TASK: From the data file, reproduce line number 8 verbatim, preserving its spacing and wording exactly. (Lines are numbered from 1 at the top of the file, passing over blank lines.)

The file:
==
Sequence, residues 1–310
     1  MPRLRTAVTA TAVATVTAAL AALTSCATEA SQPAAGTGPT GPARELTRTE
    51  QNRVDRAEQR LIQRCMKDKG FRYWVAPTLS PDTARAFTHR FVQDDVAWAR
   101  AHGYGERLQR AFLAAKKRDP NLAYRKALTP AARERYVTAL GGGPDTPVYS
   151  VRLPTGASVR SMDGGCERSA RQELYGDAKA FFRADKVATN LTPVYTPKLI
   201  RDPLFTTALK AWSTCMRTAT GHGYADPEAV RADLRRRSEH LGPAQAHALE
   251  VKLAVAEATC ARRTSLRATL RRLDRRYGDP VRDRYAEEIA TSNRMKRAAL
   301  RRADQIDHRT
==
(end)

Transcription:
   301  RRADQIDHRT